Picking which personal finance software package to use is pretty straightforward. The main thing is to consider what you’ll need it for, and how much you’ll be using it. After all, there’s little point in purchasing a premium personal finance package if it has got lots of features you’ll never use.
If you have reasonably basic budgeting needs to cater for, such as managing personal finances along with tracking your spending, then keep it simple. the great thing with many packages is that they can be configured to work as much or as little as you need them to.
For example, you may be a little disorganised when it comes to budgeting, so having software that can help with setting goals can be really useful. Setting up your personal finance package to assist with reach goals, and ensuring it lets you know if you’re slipping behind schedule can be invaluable.
If you’re fairly good with your money and feel confident about how you manage cash then it may be that you’ll want a more sophisticated personal finance package. Some of the more advanced options allow you to take on investments, offering a sophisticated range of tools for making your money work more efficiently.
Everyone has different needs when it comes to managing personal finances. That means the range and choice of best personal finance software packages is expansive, which is great for us, the consumers.
The best starting point if you’re on the lookout for the best personal finance software package is therefore to decide just how complicated you think your money matters are. If you run a tight ship and are quite good with your finances, then a basic package will more than suffice.
Consider factors including how much you spend eating out each month and what sort of credit card terms you’re working too such as managing monthly payments. You might want to factor in how much you need to save towards a pension. The best personal finance software can help with these, and more.
However, if you’re not organised, you’ll want to look at more complex personal finance packages that can do a lot more of the money management legwork. More sophisticated packages can help you become better at budgeting, keep track of incomings and outgoings and build up an archive of your financial affairs.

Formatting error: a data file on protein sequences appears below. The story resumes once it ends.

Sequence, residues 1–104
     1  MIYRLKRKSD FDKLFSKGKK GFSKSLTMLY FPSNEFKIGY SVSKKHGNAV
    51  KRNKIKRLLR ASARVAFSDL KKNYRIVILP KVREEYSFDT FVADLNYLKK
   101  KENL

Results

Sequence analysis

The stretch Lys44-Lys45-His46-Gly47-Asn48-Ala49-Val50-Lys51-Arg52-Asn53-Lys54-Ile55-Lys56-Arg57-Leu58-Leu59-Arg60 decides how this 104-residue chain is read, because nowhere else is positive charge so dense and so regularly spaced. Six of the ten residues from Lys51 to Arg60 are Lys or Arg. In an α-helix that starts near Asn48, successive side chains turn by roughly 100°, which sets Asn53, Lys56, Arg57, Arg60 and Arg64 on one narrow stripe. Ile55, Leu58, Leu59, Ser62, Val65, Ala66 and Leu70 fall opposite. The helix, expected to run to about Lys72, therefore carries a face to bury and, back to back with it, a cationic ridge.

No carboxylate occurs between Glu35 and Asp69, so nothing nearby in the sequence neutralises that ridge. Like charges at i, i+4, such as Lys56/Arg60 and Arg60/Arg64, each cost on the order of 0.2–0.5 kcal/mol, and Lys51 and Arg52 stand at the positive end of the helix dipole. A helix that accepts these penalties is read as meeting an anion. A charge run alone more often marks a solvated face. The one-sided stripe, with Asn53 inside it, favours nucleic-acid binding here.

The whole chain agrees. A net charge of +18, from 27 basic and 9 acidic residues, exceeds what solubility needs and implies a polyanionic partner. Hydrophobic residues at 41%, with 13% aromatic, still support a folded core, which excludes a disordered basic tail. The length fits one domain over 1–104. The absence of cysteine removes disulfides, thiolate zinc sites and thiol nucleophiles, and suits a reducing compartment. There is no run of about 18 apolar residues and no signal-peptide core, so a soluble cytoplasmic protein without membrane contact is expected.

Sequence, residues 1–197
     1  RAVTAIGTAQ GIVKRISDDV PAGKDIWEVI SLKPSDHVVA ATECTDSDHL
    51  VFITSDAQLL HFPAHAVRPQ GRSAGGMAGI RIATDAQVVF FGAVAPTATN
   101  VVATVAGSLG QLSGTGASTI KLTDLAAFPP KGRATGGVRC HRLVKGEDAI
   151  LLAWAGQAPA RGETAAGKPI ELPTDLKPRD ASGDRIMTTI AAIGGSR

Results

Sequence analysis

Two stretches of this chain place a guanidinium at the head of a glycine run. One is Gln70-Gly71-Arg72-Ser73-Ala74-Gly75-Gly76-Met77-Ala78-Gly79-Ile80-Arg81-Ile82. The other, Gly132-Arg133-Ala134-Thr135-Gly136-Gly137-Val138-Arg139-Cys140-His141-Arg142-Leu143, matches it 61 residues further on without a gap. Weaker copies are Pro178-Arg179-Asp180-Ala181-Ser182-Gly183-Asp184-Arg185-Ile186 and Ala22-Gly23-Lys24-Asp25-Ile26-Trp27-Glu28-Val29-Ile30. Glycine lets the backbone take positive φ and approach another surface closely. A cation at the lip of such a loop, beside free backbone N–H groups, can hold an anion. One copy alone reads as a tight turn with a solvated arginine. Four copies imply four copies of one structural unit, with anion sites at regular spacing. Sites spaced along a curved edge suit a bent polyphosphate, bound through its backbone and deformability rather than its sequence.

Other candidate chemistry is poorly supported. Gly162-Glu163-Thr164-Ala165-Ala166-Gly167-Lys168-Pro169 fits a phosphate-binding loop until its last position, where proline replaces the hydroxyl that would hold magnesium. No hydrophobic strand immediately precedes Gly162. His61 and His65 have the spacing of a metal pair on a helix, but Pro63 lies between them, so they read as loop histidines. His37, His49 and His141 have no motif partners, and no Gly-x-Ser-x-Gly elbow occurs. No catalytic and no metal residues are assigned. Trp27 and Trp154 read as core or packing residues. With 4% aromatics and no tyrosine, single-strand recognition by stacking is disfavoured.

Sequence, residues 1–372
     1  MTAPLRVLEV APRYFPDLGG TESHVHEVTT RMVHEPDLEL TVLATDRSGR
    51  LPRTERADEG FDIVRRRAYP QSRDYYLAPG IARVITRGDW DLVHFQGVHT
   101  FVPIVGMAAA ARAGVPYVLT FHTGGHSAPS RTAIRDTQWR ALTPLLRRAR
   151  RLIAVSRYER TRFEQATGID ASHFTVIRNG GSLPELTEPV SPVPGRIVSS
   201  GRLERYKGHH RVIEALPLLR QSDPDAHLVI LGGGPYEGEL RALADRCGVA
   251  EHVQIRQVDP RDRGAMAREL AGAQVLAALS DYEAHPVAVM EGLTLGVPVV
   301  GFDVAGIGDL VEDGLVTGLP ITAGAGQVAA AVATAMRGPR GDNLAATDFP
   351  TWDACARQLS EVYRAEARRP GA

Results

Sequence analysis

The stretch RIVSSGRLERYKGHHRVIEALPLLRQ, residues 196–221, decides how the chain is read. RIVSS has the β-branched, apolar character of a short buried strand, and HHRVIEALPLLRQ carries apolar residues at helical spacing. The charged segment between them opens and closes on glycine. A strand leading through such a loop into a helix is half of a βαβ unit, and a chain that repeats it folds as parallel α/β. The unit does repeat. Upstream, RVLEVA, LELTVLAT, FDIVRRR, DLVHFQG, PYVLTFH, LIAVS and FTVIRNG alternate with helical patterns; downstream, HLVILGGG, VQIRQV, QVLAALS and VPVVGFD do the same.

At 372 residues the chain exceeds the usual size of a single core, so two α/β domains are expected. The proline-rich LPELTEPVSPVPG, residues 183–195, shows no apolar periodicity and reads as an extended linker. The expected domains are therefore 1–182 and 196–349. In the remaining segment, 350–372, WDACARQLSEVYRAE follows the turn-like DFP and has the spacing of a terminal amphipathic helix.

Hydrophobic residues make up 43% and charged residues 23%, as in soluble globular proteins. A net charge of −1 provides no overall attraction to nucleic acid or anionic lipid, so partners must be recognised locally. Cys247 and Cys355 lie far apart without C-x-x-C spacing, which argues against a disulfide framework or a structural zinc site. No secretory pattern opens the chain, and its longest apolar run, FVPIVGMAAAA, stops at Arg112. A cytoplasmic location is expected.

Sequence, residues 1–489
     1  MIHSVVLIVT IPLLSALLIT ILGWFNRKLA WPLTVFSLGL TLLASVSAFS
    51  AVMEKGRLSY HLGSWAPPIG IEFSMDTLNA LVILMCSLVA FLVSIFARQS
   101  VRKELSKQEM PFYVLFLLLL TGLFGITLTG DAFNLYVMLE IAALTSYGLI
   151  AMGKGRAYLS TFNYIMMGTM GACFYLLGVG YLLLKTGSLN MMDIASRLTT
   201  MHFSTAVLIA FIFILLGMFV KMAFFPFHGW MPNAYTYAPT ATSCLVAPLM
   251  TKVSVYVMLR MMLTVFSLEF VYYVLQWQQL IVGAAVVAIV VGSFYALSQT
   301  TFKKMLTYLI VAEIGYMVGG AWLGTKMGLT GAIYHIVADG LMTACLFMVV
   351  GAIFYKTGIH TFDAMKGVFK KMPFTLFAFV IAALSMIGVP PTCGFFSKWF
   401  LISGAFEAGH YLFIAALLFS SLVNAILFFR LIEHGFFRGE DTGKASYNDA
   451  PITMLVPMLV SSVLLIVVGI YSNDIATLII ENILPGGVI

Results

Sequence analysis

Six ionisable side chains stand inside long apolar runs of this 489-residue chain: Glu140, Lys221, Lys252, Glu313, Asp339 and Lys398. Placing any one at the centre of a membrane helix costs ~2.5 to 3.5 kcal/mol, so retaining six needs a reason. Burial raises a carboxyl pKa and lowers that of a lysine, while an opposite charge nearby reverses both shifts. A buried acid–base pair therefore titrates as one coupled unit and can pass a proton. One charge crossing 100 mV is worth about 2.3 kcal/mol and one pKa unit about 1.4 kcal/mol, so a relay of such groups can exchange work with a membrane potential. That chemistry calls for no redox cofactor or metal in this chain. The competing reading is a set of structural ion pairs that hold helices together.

This can also be beneficial come tax filing time too, with many personal finance software packages integrating with some of the best tax software on the market.
What to consider with the best personal finance software
If you’re in need of some organisational clout, especially if you’re running a small business, picking a personal finance software package can help a great deal. Depending on your needs you’ll find that the best personal finance packages allow you to keep on top of things like receipt logging and managing expenses, all from within one program.
The other bonus is that most of the personal finance software packages allow you to share your data with your preferred tax and accounting software. That means you’ll be much better placed when it comes to tax filing time. There are personal finance packages tailored to both online and offline needs, with many having apps that let you track spending day to day. Cloud-based personal finance packages let you keep all of your data in a safe place too, so all bases are covered.
Personal finance features to look for
How we tested the best personal finance software
Remember, it’s still possible to use a spreadsheet program like Microsoft Excel if you prefer. However, the great thing about personal finance software is it has been created specifically for money management needs.
What we look for in the best personal finance software packages is primarily the ease of use factor, combined with the range of features and functions. We also test how well the software runs, particularly in the app or mobile environment. Lots of us are time poor and being able to manage finances on the go is a popular option.
Naturally, we’re also looking for just how well the software can handle tasks, especially for folks who have more complex personal finance affairs. Keeping your data safe and secure is a given too, especially if it’s a package that can integrate with the best accounting software or tax filing packages.
Read more on how we test, rate, and review products on TechRadar.